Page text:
Reviewed by Carrie Spellman for TeensReadToo.com
Faith is an interesting thing. Is a person's faith best placed in ideas and beliefs? Is it best put in other people? Can't you do both?
1212 mainly follows the story of three young people: Blanche, Abel, and Etienne. They are extremely unlikely allies, leading a crusade of children from Europe to the Holy Land. Etienne is the one with the vision, literally. Abandoned by his mother, and left to his uncle's charity, Etienne is visited by a vision. A vision that tells him he will lead a crusade of children that will change the world. Etienne is a firm Catholic, and knows he cannot escape a calling from God. Abel is the first person to befriend and believe in Etienne. He encourages Etienne to believe in himself and carry on with his purpose. The truly strange part? Abel is Jewish. It may not seem so strange today, but back in Medieval times most religions didn't appreciate each other. Then again, maybe it's still pretty true. As the crusade grows in size Abel becomes a trusted friend and adviser to Etienne. And the more time passes, the guiltier he feels about keeping his true self a secret. Blanche is a Good Christian, a sect of Christianity that chooses to follow God, not the Pope. Consequently, they are being hunted down and persecuted. Blanche has seen her whole family, her whole town, burned to the ground. She joins the crusade because she believes in Etienne and his cause, but she hides her true self, too.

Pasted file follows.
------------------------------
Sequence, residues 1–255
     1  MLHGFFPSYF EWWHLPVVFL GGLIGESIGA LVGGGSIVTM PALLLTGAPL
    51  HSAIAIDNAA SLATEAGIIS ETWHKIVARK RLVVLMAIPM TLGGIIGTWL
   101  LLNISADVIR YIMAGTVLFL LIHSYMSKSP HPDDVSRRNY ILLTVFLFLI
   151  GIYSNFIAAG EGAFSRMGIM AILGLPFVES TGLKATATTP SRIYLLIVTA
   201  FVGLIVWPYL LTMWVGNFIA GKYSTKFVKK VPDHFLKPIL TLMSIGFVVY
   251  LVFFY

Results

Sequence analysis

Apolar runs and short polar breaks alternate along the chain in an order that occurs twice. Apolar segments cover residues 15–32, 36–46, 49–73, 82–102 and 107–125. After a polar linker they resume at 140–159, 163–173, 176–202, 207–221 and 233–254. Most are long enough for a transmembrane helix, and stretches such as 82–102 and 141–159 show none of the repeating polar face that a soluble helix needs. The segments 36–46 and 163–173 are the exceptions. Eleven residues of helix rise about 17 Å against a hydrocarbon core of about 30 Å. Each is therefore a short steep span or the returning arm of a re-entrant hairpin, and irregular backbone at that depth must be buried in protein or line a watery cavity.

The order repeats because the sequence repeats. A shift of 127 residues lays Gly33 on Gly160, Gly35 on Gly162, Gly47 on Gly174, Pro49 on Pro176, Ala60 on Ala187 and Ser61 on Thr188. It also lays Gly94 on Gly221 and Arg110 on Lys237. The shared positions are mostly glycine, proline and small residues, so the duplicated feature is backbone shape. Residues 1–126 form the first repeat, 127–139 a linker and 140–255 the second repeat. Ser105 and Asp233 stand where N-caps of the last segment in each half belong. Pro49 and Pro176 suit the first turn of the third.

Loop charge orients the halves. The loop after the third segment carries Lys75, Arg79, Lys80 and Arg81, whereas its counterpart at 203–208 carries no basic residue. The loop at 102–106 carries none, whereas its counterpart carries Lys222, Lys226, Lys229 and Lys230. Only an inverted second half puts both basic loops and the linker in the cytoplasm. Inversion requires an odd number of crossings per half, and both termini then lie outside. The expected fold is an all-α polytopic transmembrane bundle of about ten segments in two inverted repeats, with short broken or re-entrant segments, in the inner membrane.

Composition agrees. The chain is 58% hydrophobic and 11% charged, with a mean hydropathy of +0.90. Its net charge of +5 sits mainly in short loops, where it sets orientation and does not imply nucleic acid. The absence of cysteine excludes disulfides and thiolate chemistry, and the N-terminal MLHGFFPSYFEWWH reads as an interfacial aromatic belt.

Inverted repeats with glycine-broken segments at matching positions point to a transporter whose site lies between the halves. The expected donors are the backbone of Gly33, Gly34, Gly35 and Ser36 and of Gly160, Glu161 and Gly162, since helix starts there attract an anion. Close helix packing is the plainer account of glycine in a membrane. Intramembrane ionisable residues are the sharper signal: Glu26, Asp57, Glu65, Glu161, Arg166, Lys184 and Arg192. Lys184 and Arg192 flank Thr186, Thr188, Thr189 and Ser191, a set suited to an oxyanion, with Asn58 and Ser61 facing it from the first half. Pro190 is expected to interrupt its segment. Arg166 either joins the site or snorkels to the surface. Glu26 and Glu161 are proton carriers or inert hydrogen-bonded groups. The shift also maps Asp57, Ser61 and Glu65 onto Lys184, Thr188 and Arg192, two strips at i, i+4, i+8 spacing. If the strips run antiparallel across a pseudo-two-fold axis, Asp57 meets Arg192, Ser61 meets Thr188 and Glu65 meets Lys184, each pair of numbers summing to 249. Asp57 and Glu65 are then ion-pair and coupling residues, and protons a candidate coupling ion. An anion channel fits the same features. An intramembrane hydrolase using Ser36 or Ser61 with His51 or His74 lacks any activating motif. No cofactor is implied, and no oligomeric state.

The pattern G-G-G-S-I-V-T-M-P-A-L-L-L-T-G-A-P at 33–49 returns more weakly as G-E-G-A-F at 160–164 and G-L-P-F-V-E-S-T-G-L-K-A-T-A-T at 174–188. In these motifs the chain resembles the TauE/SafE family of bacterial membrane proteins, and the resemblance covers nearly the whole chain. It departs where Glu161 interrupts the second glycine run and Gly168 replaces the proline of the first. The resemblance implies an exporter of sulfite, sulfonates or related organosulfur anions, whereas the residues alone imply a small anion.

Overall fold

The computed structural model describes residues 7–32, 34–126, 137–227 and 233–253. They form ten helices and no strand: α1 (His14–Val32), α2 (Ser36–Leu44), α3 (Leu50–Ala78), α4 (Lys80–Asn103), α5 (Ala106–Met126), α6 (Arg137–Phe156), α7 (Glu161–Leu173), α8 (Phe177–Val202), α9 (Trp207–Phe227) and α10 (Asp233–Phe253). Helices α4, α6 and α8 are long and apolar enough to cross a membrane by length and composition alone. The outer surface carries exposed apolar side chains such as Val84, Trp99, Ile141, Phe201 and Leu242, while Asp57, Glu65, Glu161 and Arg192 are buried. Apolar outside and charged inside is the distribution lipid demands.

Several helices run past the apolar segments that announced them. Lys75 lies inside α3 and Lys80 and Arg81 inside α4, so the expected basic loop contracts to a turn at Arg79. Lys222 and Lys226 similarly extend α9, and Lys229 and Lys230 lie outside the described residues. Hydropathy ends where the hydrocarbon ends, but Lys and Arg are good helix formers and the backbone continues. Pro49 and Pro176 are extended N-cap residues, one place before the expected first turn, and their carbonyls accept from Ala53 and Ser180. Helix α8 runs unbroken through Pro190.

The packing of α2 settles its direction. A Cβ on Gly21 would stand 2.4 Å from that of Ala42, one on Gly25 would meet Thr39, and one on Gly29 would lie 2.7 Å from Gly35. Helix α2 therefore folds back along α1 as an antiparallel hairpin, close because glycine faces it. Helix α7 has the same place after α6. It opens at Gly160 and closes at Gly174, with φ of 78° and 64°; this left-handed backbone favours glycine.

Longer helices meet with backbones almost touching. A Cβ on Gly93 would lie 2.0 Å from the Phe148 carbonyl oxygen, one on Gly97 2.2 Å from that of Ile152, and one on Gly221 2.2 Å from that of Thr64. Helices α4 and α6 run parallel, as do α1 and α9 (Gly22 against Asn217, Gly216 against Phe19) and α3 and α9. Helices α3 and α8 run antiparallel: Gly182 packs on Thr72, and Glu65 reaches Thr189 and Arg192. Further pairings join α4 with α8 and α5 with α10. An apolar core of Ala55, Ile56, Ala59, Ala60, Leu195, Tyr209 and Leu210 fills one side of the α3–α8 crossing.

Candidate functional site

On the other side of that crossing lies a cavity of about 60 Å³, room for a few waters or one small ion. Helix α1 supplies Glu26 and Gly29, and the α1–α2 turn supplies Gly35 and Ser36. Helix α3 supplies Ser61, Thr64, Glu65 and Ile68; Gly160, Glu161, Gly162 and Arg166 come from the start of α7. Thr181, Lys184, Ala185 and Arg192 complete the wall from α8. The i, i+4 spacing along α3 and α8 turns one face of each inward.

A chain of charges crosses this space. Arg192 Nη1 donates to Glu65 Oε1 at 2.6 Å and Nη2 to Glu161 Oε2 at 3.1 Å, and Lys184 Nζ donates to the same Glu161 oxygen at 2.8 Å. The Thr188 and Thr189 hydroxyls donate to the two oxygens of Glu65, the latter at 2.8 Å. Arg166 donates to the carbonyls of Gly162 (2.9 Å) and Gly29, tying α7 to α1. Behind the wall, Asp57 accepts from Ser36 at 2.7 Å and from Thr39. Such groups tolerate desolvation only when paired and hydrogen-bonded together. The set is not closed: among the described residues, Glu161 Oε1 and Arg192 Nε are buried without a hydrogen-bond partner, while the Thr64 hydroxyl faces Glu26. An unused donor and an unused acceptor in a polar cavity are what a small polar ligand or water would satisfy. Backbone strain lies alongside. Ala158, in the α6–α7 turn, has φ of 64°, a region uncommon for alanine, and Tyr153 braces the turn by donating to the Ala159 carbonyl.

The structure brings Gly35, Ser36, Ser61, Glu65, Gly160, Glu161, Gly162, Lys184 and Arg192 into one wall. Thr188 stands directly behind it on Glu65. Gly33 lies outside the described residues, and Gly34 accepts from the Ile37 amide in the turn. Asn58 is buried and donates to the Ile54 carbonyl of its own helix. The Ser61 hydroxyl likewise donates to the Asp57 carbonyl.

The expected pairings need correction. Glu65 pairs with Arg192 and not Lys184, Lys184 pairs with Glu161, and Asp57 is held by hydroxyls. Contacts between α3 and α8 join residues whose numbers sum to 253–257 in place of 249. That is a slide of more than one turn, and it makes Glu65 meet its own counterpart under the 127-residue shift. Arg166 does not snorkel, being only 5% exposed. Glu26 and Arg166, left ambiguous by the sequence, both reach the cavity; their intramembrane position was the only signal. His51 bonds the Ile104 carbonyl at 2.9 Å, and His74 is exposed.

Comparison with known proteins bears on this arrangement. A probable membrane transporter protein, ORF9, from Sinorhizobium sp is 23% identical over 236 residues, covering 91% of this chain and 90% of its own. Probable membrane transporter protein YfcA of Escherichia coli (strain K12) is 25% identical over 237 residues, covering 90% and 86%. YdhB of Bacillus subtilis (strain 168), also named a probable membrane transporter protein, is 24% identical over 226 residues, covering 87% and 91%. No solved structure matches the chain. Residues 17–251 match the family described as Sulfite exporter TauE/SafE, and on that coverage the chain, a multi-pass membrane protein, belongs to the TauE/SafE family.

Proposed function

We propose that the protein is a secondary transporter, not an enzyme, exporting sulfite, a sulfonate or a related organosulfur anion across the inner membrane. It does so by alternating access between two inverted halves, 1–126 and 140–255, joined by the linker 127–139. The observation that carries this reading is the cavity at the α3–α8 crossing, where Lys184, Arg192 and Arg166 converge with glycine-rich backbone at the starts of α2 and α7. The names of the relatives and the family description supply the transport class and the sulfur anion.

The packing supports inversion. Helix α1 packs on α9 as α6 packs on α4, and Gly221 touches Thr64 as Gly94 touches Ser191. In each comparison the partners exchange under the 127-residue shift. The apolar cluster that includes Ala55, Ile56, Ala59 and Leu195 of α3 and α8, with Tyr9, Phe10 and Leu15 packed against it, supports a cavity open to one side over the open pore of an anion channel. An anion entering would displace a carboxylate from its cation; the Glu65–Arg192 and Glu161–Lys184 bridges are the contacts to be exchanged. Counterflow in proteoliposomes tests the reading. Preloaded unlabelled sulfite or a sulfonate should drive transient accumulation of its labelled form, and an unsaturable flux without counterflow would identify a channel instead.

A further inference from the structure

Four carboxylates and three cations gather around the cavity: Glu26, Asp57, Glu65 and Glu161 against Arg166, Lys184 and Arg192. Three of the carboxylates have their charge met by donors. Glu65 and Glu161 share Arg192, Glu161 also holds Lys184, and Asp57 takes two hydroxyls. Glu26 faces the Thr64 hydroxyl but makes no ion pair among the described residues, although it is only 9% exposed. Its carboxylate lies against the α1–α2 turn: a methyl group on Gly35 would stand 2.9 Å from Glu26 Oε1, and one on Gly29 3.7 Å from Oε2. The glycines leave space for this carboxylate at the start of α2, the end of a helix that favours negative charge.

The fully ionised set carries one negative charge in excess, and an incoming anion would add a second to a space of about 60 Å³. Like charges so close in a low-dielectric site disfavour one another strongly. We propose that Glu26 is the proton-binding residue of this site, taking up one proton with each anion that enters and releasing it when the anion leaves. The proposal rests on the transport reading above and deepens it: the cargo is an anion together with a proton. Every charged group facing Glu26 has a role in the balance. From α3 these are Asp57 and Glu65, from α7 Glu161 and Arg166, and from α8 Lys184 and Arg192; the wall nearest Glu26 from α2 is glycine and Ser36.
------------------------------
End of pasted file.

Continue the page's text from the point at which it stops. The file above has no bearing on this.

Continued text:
Both Abel and Blanche worry that Etienne will not accept them if he knows the truth. As time passes it becomes harder and more dangerous to conceal. There is some amount of animosity and competition between the two over Etienne's attention and affection, though they alone know the truth about each other.
Etienne's biggest concern, the thing that nearly ends his faith in his mission time and again, is the animosity of the Pope. The Pope refuses to recognize Etienne's vision or his Crusade. The Pope doesn't believe that Etienne could have had a "vision," and declares them all too young to Crusade. He orders them to stop. How long and how far can they go when it seems that so much is against them? And how true is a friendship based on a misconception?
Historically accurate and based on actual events, this book is a wealth of information and questions. I learned a lot about various religious histories. But, it also made me wonder about a lot of things. I don't know what I think about all of the "religious vision" occurrences, both in this book and in the world, but I think it's odd for someone to be able to say that one person's vision is valid and another's is not. Where exactly is that line? I think it's a great thing that people from different backgrounds and walks of life could all be brought together by an idea; it's just too bad that the whole thing could possibly be destroyed by a declaration of religious ties. It's even more disturbing to realize how little we've accomplished on that front in nearly 800 years.